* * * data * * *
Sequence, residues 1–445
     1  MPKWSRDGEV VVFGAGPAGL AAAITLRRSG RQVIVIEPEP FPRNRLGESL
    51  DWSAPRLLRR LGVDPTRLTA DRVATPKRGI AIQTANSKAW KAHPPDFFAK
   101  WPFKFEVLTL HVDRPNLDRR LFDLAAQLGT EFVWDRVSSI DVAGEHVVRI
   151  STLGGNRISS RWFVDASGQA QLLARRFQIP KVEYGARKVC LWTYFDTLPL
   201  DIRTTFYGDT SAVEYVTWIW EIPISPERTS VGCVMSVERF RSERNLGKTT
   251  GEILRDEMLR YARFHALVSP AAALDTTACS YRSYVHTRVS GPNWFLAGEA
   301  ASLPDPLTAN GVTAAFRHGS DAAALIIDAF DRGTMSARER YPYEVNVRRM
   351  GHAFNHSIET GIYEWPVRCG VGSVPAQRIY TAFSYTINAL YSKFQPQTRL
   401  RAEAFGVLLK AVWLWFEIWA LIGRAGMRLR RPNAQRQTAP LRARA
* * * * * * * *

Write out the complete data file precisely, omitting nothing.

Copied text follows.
Sequence, residues 1–445
     1  MPKWSRDGEV VVFGAGPAGL AAAITLRRSG RQVIVIEPEP FPRNRLGESL
    51  DWSAPRLLRR LGVDPTRLTA DRVATPKRGI AIQTANSKAW KAHPPDFFAK
   101  WPFKFEVLTL HVDRPNLDRR LFDLAAQLGT EFVWDRVSSI DVAGEHVVRI
   151  STLGGNRISS RWFVDASGQA QLLARRFQIP KVEYGARKVC LWTYFDTLPL
   201  DIRTTFYGDT SAVEYVTWIW EIPISPERTS VGCVMSVERF RSERNLGKTT
   251  GEILRDEMLR YARFHALVSP AAALDTTACS YRSYVHTRVS GPNWFLAGEA
   301  ASLPDPLTAN GVTAAFRHGS DAAALIIDAF DRGTMSARER YPYEVNVRRM
   351  GHAFNHSIET GIYEWPVRCG VGSVPAQRIY TAFSYTINAL YSKFQPQTRL
   401  RAEAFGVLLK AVWLWFEIWA LIGRAGMRLR RPNAQRQTAP LRARA